The "truths" told by advertisers sometimes go too far.
By Patti Hurtgen, Hoard's Dairyman Online Media Manager
I was in the Milwaukee airport recently for an early morning flight, and I stopped at a coffee vendor. While in line, I was reading their promotional billboards to pass the time. As I read the words, I wondered if consumers actually believed what was written or could they read between the lines like I did?
The sign read . . .
I stood there wondering how many people really think that the coffee they were purchasing was a "local" product? The billboard says the beans were roasted locally, but the carefully crafted verbiage avoided saying where the beans originated. By reading this sign, people might assume they were grown nearby.
I have visited nearly all of the U.S. states and don't recall any coffee plantations, and certainly not in the Milwaukee area.
From my early years, I remember coffee commercials with Juan Valdez and his burro at his side, picking the coffee beans in mountainous regions of South America. Brazil, Vietnam, and Colombia are the top coffee-producing countries due to their proximity to the equator. The photo of Colombia below is hardly the topography of the Milwaukee area. Of the top 36 coffee-producing countries, Mexico, at number 9, is the closest to the United States. The U.S. did not make the list.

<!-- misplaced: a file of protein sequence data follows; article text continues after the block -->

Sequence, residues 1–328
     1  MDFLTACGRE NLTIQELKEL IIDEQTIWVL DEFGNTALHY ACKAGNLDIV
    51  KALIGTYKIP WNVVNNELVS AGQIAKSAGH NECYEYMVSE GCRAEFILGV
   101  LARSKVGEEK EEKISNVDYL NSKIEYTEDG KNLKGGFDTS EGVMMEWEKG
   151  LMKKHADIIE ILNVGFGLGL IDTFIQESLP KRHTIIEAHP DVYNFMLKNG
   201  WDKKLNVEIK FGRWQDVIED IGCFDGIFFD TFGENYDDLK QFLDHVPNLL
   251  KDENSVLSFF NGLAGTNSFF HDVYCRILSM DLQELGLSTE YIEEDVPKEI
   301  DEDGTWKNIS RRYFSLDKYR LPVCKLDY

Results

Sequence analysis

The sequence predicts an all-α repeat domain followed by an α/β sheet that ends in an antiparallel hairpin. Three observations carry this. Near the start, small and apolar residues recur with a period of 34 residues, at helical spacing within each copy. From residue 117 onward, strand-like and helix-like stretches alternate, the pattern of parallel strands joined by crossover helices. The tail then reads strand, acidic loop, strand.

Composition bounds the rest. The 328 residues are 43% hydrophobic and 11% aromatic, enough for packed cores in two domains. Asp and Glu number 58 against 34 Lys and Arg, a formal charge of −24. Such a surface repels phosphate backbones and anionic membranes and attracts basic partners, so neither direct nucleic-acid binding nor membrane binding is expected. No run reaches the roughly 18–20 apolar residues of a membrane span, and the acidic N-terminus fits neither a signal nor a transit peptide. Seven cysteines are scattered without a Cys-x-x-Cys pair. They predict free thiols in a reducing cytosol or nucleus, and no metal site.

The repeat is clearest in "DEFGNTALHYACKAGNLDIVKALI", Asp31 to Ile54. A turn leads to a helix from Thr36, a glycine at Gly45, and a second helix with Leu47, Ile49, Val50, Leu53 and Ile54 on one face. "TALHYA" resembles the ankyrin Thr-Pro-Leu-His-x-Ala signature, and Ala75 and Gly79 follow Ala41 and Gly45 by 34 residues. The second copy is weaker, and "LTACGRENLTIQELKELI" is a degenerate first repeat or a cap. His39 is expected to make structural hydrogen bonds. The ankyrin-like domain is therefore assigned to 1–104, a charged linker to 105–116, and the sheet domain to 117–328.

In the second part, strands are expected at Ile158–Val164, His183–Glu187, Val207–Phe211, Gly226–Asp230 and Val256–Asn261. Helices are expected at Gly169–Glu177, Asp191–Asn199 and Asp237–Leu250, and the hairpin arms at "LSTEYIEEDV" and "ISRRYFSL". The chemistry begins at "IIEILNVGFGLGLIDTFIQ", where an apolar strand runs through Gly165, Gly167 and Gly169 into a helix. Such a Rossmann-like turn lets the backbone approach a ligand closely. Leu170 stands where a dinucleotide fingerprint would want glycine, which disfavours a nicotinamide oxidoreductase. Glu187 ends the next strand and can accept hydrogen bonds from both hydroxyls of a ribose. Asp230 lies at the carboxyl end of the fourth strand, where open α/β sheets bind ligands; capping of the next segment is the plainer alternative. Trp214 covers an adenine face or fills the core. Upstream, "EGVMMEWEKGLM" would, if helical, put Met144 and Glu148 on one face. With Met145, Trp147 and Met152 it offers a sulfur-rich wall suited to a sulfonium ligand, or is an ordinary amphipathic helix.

Reread the sign knowing the beans are not grown in the U.S. Do you feel differently now, knowing just a little about growing coffee?
Bringing it back to dairy, it is similar marketing ploys that concern me. When I see "antibiotic free" when referring to milk, it makes me angry. All milk sold in stores is antibiotic free, whether it is produced under organic conditions or conventional methods. Yes, it is called marketing, but sales should not be generated by luring consumers away from the competition by using scare tactics.
It is a fine line we walk in food marketing. Your grocery store milk is labeled 2 percent fat, but never as 98 percent fat free. Hormones are not allowed in pork or poultry production, yet some meat brands are touted as raised without hormones. They all are raised without hormones because it is illegal to use them. To the uninformed consumer, the labels without those claims must have hormones, right?
When you see propaganda, is it legitimate or just half-truths to sell a product? I think everyone must recommit to telling the story of food without stretching the truth because consumers don't want to be fooled and they don't like liars.
The author is the online media manager and is responsible for the website, webinars and social media. A graduate of Modesto Junior College and Fresno State, she was raised on a California dairy and frequently blogs on youth programs and consumer issues.